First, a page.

The Jerky Guy is a brand belonging to a company called Better Than Yours, Inc., based out of Jackson, CA. The jerky itself is manufactured by Jerky Snack Brands, out of their Minnesota facility. But Jerky Snack Brands uses the proprietary recipes of The Jerky Guy.
And The Jerky Guy himself is Jon Beltran, who about 27 years ago experimented with making jerky in his backyard smoker. Then he approached a friend who apparently had a secret recipe for awesome teriyaki beef, and was able to recreate that into a teriyaki jerky. I'll be reviewing the teriyaki later.
The packaging for this black peppered variety says it offers "The flavors of black pepper, garlic, and wine, just to name a few...", and that it'll give me a taste experience that I will not forget. Considering how bad my memory is getting these days, and depending what this stuff tastes like, that could be good or bad.
Beef, wine, soy sauce, sugar, salt, ground black pepper, natural extracts of garlic, black pepper, onion, rosemary.
The tastes I pick up from the surface of these pieces is a slight tangy flavor, which perhaps might be the wine, a slight sweet flavor, and a smokiness. In the chewing, I can hints of that rosemary, the onion, some more of that tanginess, some saltiness, and finally the black pepper starts to show.
If I were to chew a piece immediately after putting it into my mouth, I get that black pepper flavor more quickly, but that peppery flavor tends to mask over the other flavors I listed. This is probably a jerky best enjoyed by sucking on first, and then chewing.
The tangy flavor is perhaps the most welcomed flavor in my opinion. It has a vinegar-like quality to it, perhaps more evidence that it's coming from the wine. The flavor seems to last all the way from when I first start sucking on a piece, to the chewing, to when I swallow it all down.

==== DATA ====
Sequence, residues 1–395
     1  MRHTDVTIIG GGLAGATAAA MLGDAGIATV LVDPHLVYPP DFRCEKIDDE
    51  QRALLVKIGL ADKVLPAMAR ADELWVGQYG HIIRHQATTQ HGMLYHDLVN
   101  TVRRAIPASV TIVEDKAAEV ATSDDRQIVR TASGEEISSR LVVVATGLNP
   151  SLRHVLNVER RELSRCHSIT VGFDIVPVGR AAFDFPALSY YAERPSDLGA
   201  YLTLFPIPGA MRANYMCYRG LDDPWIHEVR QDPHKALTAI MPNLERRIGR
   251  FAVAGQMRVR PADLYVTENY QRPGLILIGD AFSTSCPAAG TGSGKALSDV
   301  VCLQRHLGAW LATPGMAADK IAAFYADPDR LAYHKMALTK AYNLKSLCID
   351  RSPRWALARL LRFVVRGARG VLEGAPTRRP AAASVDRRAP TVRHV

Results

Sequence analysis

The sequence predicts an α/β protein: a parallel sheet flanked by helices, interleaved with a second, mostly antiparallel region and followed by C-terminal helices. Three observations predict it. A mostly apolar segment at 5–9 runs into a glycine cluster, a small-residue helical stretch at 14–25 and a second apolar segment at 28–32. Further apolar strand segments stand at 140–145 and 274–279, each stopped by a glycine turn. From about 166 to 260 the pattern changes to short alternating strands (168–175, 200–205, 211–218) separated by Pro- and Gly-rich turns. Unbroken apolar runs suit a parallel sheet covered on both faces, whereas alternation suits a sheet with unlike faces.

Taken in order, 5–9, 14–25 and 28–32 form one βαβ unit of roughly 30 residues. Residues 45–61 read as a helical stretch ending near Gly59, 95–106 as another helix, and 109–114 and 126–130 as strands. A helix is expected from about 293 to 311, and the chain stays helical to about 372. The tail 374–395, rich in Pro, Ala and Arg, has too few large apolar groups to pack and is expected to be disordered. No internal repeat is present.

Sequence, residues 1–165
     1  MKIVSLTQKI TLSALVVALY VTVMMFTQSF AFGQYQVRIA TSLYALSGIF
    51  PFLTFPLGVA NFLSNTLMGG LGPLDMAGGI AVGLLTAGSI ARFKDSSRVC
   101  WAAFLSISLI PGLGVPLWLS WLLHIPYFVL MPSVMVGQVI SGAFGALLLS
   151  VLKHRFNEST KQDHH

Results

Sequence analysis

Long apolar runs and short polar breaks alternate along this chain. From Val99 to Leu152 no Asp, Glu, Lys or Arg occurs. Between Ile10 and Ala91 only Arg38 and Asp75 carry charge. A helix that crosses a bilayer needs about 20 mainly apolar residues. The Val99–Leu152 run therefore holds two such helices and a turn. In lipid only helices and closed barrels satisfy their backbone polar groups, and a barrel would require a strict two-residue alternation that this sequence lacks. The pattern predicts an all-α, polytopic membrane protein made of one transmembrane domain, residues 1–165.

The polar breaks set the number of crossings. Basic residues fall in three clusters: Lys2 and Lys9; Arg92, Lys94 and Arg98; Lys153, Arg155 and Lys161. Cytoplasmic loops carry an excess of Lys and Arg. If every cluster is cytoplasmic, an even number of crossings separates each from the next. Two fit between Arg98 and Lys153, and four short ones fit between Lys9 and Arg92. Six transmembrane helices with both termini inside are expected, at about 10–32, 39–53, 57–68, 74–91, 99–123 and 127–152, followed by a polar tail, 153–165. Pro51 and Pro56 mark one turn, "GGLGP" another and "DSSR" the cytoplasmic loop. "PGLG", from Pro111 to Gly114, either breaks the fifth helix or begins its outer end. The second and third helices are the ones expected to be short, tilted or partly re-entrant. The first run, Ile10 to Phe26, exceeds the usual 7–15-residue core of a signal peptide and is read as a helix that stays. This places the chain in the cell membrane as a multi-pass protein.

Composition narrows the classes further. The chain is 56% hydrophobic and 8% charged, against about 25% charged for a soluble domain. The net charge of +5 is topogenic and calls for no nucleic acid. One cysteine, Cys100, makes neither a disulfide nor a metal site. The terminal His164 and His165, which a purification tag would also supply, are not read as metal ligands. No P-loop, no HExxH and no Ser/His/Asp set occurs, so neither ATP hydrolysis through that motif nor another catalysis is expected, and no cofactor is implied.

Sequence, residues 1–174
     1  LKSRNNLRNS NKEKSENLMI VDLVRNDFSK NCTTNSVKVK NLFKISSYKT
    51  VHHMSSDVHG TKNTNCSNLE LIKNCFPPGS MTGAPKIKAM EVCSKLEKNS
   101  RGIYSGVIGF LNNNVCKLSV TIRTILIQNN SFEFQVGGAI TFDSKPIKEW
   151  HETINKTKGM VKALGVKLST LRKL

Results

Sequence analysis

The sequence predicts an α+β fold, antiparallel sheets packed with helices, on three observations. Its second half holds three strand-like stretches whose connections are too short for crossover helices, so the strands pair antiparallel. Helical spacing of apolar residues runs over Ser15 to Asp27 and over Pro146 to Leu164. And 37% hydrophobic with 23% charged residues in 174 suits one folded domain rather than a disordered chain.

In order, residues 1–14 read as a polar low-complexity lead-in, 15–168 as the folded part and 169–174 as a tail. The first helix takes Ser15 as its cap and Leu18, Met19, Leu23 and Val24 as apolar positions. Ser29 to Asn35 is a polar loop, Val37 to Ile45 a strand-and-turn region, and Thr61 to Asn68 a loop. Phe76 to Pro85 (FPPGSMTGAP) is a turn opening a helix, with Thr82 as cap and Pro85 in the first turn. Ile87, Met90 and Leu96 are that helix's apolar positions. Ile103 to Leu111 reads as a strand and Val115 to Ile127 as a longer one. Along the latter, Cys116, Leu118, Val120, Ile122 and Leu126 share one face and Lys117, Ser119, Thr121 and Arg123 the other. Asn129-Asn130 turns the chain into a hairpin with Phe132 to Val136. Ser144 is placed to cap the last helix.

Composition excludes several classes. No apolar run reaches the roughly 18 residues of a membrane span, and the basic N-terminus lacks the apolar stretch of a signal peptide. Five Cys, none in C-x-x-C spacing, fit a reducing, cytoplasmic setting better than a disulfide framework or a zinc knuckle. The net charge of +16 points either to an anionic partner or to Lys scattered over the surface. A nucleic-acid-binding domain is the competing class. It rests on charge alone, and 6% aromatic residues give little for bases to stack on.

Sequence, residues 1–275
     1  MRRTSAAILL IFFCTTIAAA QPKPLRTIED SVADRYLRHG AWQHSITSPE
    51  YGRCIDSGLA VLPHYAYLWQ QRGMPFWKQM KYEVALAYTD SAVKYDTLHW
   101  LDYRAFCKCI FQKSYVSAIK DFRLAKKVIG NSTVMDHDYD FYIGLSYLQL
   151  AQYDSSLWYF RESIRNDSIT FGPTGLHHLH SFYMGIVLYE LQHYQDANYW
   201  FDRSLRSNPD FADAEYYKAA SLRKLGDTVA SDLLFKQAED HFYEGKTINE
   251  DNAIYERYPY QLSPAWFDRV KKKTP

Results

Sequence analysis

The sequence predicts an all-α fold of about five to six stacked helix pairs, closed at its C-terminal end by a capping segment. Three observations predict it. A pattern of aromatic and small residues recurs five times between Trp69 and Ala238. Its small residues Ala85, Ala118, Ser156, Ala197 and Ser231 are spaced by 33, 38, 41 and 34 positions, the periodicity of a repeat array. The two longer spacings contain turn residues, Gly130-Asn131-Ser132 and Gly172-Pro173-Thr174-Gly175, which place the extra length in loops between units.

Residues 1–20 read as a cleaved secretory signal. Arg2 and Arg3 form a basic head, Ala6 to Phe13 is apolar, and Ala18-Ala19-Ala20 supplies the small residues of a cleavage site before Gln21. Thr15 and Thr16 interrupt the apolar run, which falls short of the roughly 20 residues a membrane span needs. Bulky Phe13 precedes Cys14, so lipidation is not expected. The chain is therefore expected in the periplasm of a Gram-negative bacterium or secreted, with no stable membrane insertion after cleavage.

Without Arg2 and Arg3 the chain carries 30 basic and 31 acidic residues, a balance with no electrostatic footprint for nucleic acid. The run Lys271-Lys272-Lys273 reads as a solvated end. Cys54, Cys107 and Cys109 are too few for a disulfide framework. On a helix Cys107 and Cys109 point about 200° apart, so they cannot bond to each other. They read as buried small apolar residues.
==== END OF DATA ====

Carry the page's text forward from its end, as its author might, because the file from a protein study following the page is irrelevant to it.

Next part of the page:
The rosemary and onion flavors are noticed only in the chewing, but only after having sucked on a piece for several seconds before chewing. They're both strong enough to notice, but still somewhat on the slight side. If a chew a piece right away, you won't notice the rosemary and onion. The garlic is similar, except I could still taste it if I had chewed a piece right away. The trio of rosemary/onion/garlic adds a lot of color to the tangy/vinegar taste of the wine.
The natural meat flavors are not noticeable in this. Even when I focus on finding the taste, I can't really detect it. But for being free of preservatives, this jerky seems to retain a fresh taste. It's also worth noting that the company says they use a type of soy sauce that's free of preservatives as well. And I also note that this package has a "Best Before" date of April 14, 2009, just a few months away.
So, for being advertised as a black peppered jerky, does it have a strong black pepper taste? Absolutely. It's mostly tasted in the chewing, and in a moderate intensity. It's clearly identified, but doesn't overpower the whole jerky. As I said above, if you were to chew this jerky immediately after putting it in your mouth, that pepper is mostly what you'll taste.
Overall, the dominant taste of this jerky is that tangy/vinegar flavor that comes from the wine marinade. That's followed by the black pepper as the second-strongest flavor, and the combination of rosemary/onion/garlic as the third strongest.
The slight sweet flavor is noticeable, but is too slight to warrant as a dominant flavor.
The same goes for the salt. It's interesting to note that the sodium listed in the nutrition facts is a very high 950mg per 1 ounce serving, but yet I don't really find this jerky to have an intense salt flavor. I had actually talked to Jon Beltran when writing this review, and he explained that the USDA measured this before dehydration. That is, they counted the sodium content in the marinade and seasonings, and didn't take into account that some of it drips off in the smoking. He says it's actually about 635mg of sodium.